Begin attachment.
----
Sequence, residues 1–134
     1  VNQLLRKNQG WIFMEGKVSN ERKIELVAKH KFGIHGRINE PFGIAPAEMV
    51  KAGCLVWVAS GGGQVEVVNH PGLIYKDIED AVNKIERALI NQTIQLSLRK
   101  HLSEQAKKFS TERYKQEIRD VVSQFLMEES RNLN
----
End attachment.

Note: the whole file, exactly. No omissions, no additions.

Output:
Sequence, residues 1–134
     1  VNQLLRKNQG WIFMEGKVSN ERKIELVAKH KFGIHGRINE PFGIAPAEMV
    51  KAGCLVWVAS GGGQVEVVNH PGLIYKDIED AVNKIERALI NQTIQLSLRK
   101  HLSEQAKKFS TERYKQEIRD VVSQFLMEES RNLN